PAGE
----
Land of (Whose) Dreams?
Does America's marketing campaign fall flat?
When the new Discover America campaign launched yesterday, it unveiled the “Land of Dreams,” video, written and performed by none other than Johnny Cash's daughter, Roseanne, that will, at least initially, act as its crown jewel.
But when I watched it, I can’t say that I was moved in the right way. Admittedly, my first thought was, “Really? A $12.5 million campaign and this is what we come up with?” I don’t know whether it was the twang of not-quite-country music, the (too) carefully crafted iconic images—cowboys, jazz, laughing friends, lovers and families—or the total absurdity of the meticulously staged “diversity.” (Come on, we have more states that allow first cousins to marry than homosexual couples, and yet we advertise the U.S. with an image of two men cozying up in a streetcar?)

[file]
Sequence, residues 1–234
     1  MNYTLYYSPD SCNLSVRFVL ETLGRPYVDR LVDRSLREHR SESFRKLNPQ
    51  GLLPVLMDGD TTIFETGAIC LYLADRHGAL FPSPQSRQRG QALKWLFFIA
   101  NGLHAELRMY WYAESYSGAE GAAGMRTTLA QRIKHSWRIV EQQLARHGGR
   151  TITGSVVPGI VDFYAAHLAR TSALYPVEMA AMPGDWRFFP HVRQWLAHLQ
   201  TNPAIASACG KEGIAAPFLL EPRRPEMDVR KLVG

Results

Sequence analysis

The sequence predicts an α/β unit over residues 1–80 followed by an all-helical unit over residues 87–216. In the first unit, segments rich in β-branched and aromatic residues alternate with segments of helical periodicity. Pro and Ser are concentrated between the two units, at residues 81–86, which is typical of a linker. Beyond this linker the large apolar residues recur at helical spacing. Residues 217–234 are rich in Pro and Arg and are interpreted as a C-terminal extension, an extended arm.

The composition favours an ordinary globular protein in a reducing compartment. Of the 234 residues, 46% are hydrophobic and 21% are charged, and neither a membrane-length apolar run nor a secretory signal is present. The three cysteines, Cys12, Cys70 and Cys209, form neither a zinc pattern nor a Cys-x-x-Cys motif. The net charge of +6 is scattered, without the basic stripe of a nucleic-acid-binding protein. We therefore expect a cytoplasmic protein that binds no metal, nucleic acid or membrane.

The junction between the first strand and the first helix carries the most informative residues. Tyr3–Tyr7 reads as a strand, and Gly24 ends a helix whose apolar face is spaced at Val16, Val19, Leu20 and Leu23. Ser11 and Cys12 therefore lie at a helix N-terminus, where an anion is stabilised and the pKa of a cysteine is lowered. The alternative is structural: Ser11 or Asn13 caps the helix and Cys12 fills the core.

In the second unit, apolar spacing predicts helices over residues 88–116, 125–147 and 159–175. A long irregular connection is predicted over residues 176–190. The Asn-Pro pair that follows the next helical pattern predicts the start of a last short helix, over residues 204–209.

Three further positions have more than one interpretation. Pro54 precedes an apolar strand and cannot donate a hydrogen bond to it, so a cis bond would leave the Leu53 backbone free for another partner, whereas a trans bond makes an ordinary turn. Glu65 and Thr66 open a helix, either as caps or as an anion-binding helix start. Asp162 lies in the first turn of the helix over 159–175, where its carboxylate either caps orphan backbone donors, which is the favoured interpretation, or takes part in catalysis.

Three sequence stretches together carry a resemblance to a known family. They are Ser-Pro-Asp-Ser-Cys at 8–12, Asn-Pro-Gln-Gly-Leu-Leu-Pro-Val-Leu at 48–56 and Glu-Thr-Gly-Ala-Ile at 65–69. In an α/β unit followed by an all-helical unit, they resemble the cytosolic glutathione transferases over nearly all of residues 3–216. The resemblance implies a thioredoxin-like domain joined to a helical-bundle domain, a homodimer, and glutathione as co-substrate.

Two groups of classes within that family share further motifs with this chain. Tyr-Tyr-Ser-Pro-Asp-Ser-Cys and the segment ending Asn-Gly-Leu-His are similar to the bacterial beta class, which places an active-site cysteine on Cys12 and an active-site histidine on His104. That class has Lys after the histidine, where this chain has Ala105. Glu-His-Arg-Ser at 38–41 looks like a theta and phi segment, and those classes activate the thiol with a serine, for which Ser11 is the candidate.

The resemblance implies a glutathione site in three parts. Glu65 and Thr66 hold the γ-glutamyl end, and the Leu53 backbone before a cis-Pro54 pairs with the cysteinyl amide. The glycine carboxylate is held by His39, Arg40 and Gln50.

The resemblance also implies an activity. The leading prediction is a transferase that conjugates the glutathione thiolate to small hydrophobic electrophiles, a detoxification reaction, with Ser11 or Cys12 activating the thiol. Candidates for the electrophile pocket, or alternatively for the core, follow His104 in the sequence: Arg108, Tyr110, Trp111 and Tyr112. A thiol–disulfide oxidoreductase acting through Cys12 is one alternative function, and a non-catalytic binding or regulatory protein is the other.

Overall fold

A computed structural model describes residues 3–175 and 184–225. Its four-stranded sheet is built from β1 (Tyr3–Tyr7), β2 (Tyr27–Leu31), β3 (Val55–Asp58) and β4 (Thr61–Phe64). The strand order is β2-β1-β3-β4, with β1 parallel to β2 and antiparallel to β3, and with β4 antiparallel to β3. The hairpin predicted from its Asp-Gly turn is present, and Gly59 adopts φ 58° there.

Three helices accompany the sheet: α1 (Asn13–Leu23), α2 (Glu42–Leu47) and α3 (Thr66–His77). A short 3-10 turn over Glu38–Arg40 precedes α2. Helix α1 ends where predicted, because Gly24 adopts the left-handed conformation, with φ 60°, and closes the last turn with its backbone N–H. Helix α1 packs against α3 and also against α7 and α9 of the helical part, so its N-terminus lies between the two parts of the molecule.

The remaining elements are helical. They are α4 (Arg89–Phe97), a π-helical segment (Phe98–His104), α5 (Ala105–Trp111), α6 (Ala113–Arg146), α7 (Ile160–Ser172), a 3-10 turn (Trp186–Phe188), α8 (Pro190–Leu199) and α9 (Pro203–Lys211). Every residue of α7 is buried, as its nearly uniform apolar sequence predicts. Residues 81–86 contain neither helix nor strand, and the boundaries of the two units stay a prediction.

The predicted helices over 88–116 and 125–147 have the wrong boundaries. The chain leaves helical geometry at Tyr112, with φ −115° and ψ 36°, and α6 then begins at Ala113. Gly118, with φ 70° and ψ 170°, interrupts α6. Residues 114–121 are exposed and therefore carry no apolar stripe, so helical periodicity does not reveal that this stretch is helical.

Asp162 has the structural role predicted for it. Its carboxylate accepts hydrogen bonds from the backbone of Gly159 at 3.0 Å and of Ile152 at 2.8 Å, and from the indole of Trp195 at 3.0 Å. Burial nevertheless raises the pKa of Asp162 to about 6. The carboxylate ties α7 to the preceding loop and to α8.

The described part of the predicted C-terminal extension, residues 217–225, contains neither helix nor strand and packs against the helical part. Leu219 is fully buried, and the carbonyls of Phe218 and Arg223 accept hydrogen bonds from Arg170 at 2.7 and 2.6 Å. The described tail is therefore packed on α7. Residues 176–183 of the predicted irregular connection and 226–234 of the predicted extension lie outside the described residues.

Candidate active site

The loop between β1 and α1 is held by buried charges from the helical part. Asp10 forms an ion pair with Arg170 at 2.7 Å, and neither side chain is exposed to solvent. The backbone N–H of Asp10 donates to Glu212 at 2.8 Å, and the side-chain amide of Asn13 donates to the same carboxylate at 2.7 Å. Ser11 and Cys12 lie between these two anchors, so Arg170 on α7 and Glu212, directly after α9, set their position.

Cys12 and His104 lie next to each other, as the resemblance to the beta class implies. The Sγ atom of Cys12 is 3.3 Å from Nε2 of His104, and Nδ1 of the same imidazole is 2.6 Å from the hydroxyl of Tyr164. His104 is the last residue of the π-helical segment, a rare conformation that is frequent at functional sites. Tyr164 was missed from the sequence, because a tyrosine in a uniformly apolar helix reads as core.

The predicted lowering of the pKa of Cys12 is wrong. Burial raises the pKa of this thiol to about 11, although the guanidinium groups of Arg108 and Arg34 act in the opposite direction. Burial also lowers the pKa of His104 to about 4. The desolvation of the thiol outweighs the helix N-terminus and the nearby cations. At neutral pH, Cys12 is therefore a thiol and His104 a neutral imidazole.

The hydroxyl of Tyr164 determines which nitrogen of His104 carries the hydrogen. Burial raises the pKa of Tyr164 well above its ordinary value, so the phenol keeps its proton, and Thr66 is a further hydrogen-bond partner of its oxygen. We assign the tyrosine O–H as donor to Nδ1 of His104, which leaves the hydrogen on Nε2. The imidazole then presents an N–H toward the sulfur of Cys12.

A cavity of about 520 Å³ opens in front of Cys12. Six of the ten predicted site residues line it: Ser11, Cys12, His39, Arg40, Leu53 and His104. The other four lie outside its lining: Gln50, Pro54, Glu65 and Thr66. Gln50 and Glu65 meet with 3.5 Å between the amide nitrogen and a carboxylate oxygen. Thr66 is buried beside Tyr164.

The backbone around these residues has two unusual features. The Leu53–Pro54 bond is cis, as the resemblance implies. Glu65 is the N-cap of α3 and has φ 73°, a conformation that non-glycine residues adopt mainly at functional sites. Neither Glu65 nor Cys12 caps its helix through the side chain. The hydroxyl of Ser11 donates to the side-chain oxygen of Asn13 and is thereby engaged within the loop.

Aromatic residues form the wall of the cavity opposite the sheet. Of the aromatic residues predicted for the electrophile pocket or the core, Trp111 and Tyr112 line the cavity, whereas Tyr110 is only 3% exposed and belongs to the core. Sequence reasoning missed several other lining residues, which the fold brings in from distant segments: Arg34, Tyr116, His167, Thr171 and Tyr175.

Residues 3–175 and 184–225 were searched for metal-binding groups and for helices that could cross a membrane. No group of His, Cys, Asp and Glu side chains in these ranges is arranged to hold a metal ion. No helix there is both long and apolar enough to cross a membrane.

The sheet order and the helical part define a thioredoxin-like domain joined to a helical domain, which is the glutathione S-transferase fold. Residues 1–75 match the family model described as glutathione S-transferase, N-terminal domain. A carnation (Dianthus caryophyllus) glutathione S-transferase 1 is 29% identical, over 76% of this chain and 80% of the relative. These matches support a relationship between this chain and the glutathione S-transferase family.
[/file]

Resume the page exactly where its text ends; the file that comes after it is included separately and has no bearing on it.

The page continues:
Not to mention, the video lingers for far too long on Roseanne’s singing face (I assume it’s supposed to look heartfelt and patriotic, not…a little liquored up).
Will the campaign actually reel visitors in? Who knows. Maybe what looks trite to a born-and-bred American looks daring and exciting to someone from across the globe. Or maybe—the other distinct possibility—it’s just hard for countries to create really good tourism campaigns. From what I can tell, most involve either catchy, overly-patriotic/campy songs (ahem, America and Australia) or an awkward attempt to inspire (here's looking at you, Britain).